Friday, September 29, 2023

Hall-of-Fame Speaker Gives Authors Speaking Tips


What are some of the best practices of some of the best speakers - and how can authors adopt some of these for their presentations?  

“Believe in yourself, your message, and your audience, and in the power of your words,” says best-selling author John C. Maxwell in his newish book, The 16 Undeniable Laws of Communication 

He suggests speakers need to speak to one’s heart, with emotion and connection. Offering hope, humor, and help can also win audiences over. As a litmus test for what he shares, he says: “Any message I want to deliver must speak to me before it can speak to others. If it hasn’t helped me, it cannot help others.” 

Maxwell makes clear what he wants his audience to see (the possibilities), know (their value), feel (empowered), and do (take action). He has an acronym for how he approaches his sharing of stories: 

·         Show: Help them visualize what you want them to see.

·         Help: Explain how this story or information helps them.

·         Amplify: Push them to dream, explore, and expand their lives.

·         Relate: Get them to feel and identify with the story.

·         Enjoy: Make the story fun and unforgettable.  

He notes that the majority of people are visual learners. “About 60% of all people are visual thinkers,” he says. “If you want to engage the imagination of your audience; don’t give them stats, give them images.” 

He also encourages the telling of stories to create an emotional response, to feel invested, to animate them, to captivate, and to entertain.  

Ask questions of the audience, provide context while making bold assertions, promise to help them, say things they’d likely agree with, and appeal to their self-interests. 

His four steps to engagement are to:

·         Sense what the audience feels and validate those feelings.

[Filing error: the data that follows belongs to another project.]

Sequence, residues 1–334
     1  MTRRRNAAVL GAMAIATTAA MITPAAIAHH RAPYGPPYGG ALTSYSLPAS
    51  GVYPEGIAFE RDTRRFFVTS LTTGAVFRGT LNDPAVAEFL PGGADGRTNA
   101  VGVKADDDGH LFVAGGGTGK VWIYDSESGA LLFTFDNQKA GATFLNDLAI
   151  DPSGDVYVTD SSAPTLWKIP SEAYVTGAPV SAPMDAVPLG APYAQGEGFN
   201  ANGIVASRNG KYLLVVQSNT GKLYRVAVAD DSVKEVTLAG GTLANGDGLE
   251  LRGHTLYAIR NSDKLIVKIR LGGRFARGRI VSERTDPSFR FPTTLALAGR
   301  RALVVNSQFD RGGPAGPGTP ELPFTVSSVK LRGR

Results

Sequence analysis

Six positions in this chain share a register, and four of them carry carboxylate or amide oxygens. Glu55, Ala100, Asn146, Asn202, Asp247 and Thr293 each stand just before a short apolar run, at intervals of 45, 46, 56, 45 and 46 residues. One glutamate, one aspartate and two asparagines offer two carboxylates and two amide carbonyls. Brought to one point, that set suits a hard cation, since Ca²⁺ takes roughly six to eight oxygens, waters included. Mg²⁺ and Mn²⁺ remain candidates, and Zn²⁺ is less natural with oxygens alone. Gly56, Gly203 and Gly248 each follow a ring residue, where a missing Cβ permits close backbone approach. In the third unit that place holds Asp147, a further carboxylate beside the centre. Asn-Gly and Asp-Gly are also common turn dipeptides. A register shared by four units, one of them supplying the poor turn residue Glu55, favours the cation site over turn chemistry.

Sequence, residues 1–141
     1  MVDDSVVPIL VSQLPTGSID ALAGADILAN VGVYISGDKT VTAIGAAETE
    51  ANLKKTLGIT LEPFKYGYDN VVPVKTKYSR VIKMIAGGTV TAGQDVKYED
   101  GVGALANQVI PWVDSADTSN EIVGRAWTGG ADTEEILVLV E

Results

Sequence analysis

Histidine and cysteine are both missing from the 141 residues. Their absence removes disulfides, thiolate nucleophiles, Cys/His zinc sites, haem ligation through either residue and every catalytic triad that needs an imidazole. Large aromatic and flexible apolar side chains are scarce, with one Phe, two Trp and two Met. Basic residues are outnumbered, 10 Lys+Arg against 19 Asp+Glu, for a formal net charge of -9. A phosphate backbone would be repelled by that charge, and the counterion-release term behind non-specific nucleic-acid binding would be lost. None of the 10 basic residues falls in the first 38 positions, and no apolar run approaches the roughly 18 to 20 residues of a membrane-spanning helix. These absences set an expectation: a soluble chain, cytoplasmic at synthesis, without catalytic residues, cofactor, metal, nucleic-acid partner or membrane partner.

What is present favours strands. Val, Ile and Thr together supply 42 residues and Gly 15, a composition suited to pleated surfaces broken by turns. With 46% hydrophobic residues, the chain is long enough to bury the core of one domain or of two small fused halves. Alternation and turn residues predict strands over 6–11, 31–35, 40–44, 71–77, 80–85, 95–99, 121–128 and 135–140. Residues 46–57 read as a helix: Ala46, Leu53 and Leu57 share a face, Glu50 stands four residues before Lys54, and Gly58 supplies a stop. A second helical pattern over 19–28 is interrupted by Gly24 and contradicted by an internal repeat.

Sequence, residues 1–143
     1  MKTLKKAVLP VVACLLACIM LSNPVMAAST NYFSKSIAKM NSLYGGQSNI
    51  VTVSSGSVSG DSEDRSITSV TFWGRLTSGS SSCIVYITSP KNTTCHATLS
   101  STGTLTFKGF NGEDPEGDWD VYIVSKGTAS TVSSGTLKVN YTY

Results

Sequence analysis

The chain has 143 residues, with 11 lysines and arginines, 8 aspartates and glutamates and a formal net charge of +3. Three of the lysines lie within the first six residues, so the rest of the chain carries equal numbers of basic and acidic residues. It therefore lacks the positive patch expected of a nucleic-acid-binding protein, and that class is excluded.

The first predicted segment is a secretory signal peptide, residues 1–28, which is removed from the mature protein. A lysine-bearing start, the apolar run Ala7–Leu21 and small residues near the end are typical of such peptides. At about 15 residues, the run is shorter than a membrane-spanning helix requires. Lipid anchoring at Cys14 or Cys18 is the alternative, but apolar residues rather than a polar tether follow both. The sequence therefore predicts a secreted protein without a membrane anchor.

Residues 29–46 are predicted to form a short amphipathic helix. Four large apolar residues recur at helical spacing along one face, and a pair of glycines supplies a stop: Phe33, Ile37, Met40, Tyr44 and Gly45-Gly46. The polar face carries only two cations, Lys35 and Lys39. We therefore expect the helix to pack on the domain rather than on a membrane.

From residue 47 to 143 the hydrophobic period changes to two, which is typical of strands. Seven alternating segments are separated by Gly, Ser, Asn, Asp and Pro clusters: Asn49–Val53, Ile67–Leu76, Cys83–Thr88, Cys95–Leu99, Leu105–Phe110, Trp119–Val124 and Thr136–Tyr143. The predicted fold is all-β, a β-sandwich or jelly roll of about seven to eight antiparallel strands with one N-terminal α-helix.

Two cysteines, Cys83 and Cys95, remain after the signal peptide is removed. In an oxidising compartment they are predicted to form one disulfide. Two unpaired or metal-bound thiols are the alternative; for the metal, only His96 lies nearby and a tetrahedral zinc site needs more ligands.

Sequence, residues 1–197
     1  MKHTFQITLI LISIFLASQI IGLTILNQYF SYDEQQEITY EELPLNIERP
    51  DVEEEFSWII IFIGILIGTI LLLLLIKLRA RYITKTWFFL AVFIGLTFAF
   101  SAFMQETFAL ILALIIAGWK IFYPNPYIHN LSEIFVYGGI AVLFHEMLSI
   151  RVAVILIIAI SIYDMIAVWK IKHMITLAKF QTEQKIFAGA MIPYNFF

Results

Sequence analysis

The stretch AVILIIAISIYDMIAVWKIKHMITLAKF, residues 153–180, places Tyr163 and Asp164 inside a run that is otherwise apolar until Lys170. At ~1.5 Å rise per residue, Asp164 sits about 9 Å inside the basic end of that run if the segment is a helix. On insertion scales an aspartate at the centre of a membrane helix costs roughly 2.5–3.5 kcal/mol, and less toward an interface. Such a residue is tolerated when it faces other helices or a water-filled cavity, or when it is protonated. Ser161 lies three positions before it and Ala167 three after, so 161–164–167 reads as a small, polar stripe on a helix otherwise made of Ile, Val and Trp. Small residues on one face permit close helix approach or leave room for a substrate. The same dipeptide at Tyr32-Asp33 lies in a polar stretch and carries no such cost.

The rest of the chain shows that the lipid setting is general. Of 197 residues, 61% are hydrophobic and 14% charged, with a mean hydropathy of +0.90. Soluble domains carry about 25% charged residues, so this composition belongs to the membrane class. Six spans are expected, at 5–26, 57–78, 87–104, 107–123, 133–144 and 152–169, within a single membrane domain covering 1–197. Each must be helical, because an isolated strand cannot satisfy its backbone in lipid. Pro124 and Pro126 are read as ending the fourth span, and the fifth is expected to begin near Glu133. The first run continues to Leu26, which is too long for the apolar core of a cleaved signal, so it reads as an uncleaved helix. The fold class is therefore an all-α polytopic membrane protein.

·         Share how he has felt the same way too.

·         Share what he has found that has helped him.

·         Offer to help them find the way to success. 

“People who focus on themselves seek to gain attention,” he notes “Speakers who focus on content give out information. Communicators who focus on others, make a connection.” 

Essentially, the key to being a great presenter is to focus on the audience's, needs and desires, and to give them your very best.  

“People may forget what you say, but they never forget how you make them feel,” writes Maxwell. 

He adds: “People won’t like you as communicator because they understand you; they will like you because they feel understood.” 

What else should a speaker be? He identifies these areas as important:

  1. Be transparent and authentic.
  2. Be consistent.
  3. Be a good example of what you say. 
  4. Be great at what you teach.
  5. Be trustworthy. 

“Help people reframe their thinking so that they shift their mindset from good intentions to intentional actions,” writes Maxwell. 

Lastly, pause for effect. Don’t speak 100 miles per hour - alter your speed and at times, stop talking. The pause can emphasize what you are saying, give others a chance to catch up to what you are sharing, brings your audience back to you, allows you to reveal emotion, and allows people to hear the room’s reaction to what you just said. 

 “Silence can underline an important statement,” he says.


“Power is based on perception.”

--The Adventures of Herbie Cohen, by Rich Cohen


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About Brian Feinblum

Brian Feinblum should be followed on LinkedIn. This is copyrighted by BookMarketingBuzzBlog ©2023. Born and raised in Brooklyn, he now resides in Westchester with his wife, two kids, and Ferris, a black lab rescue dog, and El Chapo, a pug rescue dog. His writings are often featured in The Writer and IBPA’s The Independent.  This award-winning blog has generated over 3.4 million pageviews. With 4,600+ posts over the past dozen years, it was named one of the best book marketing blogs by BookBaby  and recognized by Feedspot in 2021 and 2018 as one of the top book marketing blogs. It was also named by as a "best resource.” For the past three decades, including 21 years as the head of marketing for the nation’s largest book publicity firm, and two jobs at two independent presses, Brian has worked with many first-time, self-published, authors of all genres, right along with best-selling authors and celebrities such as: Dr. Ruth, Mark Victor Hansen, Joseph Finder, Katherine Spurway, Neil Rackham, Harvey Mackay, Ken Blanchard, Stephen Covey, Warren Adler, Cindy Adams, Todd Duncan, Susan RoAne, John C. Maxwell, Jeff Foxworthy, Seth Godin, and Henry Winkler. He recently hosted a panel on book publicity for Book Expo America, and has spoken at ASJA, Independent Book Publishers Association Sarah Lawrence College, Nonfiction Writers Association, Cape Cod Writers Association, Willamette (Portland) Writers Association, APEX, and Connecticut Authors and Publishers Association. His letters-to-the-editor have been published in The Wall Street Journal, USA Today, New York Post, NY Daily News, Newsday, The Journal News (Westchester) and The Washington Post. He has been featured in The Sun Sentinel and Miami Herald. For more information, please consult:  




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